Newsletter: We’re facing a “time for choosing” on K-12 learning loss

Dear Friends and Neighbors,

Two full academic years have passed since Washington’s
governor belatedly ended his pandemic-related closure of the state’s public K-12 classrooms.

Data from the state’s latest assessment of Seattle high school students shows those at more affluent schools are close to the pre-pandemic scores of their peers. The opposite is true for students with lower incomes, especially those attending high schools in lower-income areas.
Those who have spoken loudest about equity and injustice in recent years seem less than serious about fixing this glaring public-policy issue, even though it is also at the core of the state’s paramount duty to provide for education.

It is a time for choosing: Legislators must lift these children up now, or let them continue to fall.

Read more about this problem and my plea for intervention in my latest issue of “Economic Sense.” 




Supporting and protecting Washington’s most essential industry

The number of farms in Washington is steadily declining and, every year, it seems as if the Legislature makes it more expensive to operate a farm through increased regulations and taxes.

This is a threat to our food supply, to the communities who depend on the farm economy, and to the entire agriculture industry here in Washington.

Earlier this week, several of my colleagues who are very involved in farming and ranching in their everyday lives held a news conference and announced a policy agenda for 2024 that would focus on reducing barriers to the survival of Washington’s farms, improve education about Washington agriculture, and encourage food security. It’s called “Cultivate Washington.”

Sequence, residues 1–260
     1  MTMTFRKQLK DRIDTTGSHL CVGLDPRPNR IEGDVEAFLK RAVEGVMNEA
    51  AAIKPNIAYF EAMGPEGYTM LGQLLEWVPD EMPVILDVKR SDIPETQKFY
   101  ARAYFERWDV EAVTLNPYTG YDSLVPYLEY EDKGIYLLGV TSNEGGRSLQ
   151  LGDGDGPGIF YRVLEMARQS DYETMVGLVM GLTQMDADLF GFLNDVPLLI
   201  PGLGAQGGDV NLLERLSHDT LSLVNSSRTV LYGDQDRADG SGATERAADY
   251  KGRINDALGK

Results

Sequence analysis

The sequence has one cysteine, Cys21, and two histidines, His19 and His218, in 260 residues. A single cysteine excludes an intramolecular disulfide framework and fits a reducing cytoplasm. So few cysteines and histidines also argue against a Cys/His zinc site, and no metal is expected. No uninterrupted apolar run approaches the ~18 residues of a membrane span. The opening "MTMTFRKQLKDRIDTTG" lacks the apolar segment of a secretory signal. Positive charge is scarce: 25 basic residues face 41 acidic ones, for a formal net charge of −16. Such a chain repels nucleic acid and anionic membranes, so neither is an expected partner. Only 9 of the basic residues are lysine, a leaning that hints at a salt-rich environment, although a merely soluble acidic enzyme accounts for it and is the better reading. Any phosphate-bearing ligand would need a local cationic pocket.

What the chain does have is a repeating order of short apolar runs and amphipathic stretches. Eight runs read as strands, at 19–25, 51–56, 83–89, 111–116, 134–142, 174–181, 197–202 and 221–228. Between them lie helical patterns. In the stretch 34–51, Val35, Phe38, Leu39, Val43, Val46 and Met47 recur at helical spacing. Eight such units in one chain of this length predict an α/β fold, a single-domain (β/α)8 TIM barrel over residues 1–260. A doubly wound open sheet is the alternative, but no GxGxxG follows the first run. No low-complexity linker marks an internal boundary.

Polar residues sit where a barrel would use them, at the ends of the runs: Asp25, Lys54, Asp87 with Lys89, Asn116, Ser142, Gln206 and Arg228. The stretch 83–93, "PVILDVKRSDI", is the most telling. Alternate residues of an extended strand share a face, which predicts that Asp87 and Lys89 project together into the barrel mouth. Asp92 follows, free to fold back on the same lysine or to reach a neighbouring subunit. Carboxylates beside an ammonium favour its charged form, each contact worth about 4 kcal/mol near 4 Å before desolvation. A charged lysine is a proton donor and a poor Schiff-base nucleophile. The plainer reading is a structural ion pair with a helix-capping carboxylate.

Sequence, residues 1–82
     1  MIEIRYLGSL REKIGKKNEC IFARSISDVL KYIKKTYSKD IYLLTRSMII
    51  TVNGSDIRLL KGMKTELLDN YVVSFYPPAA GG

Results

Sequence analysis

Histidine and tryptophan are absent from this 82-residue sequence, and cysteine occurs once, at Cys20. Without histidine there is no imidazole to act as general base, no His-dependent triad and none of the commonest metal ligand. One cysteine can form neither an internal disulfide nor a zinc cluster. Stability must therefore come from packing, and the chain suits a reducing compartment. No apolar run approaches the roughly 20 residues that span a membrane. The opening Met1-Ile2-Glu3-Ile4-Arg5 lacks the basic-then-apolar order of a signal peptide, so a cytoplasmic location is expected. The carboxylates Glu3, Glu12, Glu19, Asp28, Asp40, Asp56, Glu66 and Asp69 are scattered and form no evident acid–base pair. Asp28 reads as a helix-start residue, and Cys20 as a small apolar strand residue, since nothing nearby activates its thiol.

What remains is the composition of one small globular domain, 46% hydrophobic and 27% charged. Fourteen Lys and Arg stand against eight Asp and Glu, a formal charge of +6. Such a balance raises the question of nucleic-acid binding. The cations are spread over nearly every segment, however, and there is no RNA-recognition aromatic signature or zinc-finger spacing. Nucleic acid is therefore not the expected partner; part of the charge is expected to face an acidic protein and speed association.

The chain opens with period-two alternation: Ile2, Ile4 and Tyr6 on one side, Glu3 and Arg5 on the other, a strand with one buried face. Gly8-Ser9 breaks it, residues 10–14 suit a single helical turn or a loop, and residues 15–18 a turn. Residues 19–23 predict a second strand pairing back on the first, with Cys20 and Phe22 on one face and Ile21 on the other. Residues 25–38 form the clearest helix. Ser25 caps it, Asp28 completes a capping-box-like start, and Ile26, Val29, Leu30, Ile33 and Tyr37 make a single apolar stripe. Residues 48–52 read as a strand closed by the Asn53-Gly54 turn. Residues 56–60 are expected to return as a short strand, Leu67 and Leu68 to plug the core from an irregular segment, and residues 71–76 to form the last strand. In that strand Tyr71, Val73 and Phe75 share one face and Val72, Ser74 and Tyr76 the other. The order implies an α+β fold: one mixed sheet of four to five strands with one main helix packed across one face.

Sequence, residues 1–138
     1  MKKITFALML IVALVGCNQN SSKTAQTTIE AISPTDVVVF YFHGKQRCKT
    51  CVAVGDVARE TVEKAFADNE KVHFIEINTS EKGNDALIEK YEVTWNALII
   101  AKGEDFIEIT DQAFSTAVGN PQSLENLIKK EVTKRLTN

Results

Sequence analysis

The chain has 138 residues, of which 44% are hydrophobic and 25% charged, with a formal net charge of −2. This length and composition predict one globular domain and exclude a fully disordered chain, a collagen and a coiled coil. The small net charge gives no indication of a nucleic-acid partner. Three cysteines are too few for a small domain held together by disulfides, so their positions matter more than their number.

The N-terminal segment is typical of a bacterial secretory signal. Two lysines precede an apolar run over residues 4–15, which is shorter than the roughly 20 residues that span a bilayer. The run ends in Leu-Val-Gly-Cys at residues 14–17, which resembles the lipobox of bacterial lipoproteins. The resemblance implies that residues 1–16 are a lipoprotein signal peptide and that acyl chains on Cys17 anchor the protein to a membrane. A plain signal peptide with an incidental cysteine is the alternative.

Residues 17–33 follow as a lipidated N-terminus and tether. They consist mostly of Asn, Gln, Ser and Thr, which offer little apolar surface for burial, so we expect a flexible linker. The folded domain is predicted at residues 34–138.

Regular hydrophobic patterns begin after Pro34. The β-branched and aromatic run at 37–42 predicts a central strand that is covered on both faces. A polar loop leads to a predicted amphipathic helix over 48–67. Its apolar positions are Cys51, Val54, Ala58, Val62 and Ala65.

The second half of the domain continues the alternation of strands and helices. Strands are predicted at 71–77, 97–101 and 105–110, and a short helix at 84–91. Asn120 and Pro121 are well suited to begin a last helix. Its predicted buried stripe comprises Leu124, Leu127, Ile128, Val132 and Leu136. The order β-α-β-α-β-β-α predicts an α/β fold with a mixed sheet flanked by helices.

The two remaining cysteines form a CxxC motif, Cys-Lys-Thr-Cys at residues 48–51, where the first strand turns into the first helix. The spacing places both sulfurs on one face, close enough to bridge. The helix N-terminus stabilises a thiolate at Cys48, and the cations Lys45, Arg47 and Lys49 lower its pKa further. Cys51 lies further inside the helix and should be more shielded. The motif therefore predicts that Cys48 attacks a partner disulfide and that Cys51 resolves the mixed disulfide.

We are very lucky that so many farms, ranches, orchards, dairies and vineyards call Washington home. Unfortunately, Washingtonians who live in urban centers — and the Democrat legislators who represent them — are further and further removed from the source of their food and what it takes to ensure that we have enough food to eat and to export to others.



KING TV update on officials’ calls for investigation into Green Hill School

In my last newsletter, I shared my reaction to the KING TV story detailing how law enforcement had to request a search warrant to gain possession of drug contraband held in lockers at Green Hill School, which is a local juvenile detention center.

Investigative reporter Chris Ingalls did a follow up story you might want to watch. 

Bottom line: The governor continues to allow critical mismanagement at his executive agencies.


Important Clips